The Fringe Hours by Jessica N. Turner is the pleasant entree into book writing from the popular lifestyle blogger at The Mom Creative. More gentle encouragement than rallying cry, Turner invites women to rediscover their interests, take time for themselves, and embrace the demands of whichever stage of life they are in. This is the book to read for women in need of permission to care for themselves. If you are lost, if you are drowning, if you cannot remember that there is a uniquely crafted individual underneath the shifting mass of external responsibilities, here is your permission. Here is your prescription. Rescue yourself!
About the Author
Laura N. Turner is a married, Christian, working mother of two. Naturally, that is the perspective she brings to the material. But the voluminous scenarios offer guidance to any woman. Turner spotlights the real issues single moms, homeschoolers, retirees, and single women face in chasing (or not chasing) that elusive unicorn: self-care. The lasting message of the book is this: Self-care is neither superfluous nor selfish; it is necessary.
The Fringe Hours
In the first of four sections, Turner compassionately presents and decimates the negativistic self-talk that keep women from pursuing their interests. She encourages the reader to examine the areas in life that are out of balance, and open our eyes to the issue. Giving more than we receive. Now, this is not a hedonistic call for self-absorption. Turner celebrates the joy and privilege it is to minister to others, to care deeply, to give of yourself to another. But through the skilled use of scenarios from her own life, and those of survey respondents, Turner demonstrates a simple truth. Just as you cannot pour from an empty cup, caregivers’ cups must also be refilled. What that looks like will vary from person to person, according to their preferences and stage in life.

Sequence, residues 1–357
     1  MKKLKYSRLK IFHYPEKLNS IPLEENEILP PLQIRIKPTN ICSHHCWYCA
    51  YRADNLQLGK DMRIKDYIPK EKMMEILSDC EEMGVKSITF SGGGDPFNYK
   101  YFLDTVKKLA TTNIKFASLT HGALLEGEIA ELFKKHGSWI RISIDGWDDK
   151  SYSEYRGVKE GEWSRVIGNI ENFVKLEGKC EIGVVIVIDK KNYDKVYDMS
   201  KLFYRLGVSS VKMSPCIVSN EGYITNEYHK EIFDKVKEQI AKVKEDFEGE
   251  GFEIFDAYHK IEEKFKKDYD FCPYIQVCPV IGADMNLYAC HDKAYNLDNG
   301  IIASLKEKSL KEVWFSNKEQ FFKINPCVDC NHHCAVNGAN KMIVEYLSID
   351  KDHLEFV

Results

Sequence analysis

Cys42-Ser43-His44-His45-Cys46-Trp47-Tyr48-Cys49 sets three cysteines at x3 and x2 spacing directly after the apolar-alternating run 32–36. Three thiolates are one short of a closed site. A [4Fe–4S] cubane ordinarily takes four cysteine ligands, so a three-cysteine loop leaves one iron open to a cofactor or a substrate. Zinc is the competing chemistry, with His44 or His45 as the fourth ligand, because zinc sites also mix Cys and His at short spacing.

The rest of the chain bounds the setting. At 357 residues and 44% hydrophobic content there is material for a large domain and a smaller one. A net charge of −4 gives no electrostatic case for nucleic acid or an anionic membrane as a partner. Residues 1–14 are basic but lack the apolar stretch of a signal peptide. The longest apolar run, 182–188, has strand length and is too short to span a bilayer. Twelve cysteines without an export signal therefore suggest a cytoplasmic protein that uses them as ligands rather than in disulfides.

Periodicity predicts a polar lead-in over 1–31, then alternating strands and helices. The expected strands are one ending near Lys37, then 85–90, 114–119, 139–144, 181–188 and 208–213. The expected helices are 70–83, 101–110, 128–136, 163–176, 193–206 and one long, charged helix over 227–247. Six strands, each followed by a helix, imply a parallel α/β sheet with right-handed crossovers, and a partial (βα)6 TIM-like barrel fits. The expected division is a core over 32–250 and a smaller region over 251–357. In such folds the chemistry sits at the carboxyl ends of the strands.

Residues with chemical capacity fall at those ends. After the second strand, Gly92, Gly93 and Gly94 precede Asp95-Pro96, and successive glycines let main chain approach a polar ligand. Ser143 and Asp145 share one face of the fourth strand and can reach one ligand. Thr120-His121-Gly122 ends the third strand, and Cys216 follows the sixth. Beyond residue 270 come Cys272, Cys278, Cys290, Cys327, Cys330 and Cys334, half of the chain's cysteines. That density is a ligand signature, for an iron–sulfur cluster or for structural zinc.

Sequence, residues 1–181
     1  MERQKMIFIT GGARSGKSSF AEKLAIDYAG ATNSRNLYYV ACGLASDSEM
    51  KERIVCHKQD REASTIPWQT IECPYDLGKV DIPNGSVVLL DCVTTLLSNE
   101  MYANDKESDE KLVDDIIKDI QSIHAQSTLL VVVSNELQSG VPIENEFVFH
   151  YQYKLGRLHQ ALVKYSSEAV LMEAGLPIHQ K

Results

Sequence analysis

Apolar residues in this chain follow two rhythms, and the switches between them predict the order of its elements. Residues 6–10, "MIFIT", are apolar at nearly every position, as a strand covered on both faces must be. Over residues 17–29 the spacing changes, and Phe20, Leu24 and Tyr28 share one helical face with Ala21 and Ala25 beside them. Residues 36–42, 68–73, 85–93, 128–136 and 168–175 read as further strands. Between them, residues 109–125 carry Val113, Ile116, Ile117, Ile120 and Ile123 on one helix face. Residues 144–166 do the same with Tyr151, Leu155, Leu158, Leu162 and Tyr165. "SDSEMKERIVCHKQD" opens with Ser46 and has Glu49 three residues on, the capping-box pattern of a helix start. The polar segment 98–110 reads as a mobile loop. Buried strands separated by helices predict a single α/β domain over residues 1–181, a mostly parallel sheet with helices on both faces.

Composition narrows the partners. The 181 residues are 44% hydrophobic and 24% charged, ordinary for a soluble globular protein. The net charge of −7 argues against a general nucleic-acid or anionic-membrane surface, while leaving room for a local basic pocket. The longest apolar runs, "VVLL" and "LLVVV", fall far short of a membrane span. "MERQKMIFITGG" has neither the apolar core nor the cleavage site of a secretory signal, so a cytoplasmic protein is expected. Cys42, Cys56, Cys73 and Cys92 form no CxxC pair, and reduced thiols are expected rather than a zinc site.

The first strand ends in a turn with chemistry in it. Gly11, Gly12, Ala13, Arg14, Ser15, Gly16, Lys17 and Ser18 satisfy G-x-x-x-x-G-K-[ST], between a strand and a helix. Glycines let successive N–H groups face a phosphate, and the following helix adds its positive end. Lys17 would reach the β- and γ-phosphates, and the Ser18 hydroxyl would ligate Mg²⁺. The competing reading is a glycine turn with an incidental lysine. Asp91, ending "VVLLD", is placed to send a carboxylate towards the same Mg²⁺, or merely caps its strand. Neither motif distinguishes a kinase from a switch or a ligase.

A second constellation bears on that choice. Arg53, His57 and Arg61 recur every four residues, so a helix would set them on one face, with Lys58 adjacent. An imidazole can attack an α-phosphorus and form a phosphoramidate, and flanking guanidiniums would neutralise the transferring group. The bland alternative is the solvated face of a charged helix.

After alleviating our needless guilt, Turner guides the reader to reawaken long-dormant passions. Some of us have denied ourselves creative outlets so long, we have lost touch with our creative selves. In The Fringe Hours, Turner lists over 30 different interests women might have once had. She also provides ideas for visual planning, to inspire visual learners seeking a new or long-forgotten passion. Hobbies, skills, pursuits, and interests retired to the dusty shelf of “when I have the time”. Turner harkens readers to the fact that the time is now. There is no better time than this season of life, in which you care for so many, to kindle a dimming spark of creative joy.
Now that you have an idea of where your interests lie, Turner assists the reader in prioritizing which activities to pursue and how. This is the practical portion of the book. Where other books may have left you impressed by grand scenarios and inspired by rah-rah pep talks, The Fringe Hours makes the wonderful workable. You can make efficient use of time by finding overlooked pockets and eliminating time-wasters. You can look beyond the usual suspects to offer and ask for help. Best of all, Turner devotes an entire chapter to systematically presenting and decimating common obstacles to finding time and filling it with joy.
The final section is a peaceful counterbalance to the previous sections’ call to action. All this work. Changing preconceived and received notions of what it means to be a good mother, good wife, good worker, good whatever. It means nothing without someone to share it with. Life is best lived in community. It is possible, perhaps even preferable, to share your passions with others. Strengthening each other, enriching and investing in each other, is how you build a life worth sharing.
Why this book?
Where this book excels over others of the genre, are in the numerous reflection questions laced organically throughout the text. They elevate the book from merely absolvatory to actionable. I often become immersed in a book, trying on other people’s lives, and forgetting to hold up the advice against my own life. The frequent, thoughtful questions redirect my thoughts. I examined my own life more. The questions enlarge the principles of any given vignette, and make them actionable. The Fringe Hours would be a healing choice for a woman’s book club, informal salon, or any woman who feels stuck in the stifling trenches of caregiving.
Psst, at time of writing, the eBook is only $2.99 on Amazon kindle. If you don’t own a Kindle, you can download the free app for any smart device. Check out the link in my sidebar –>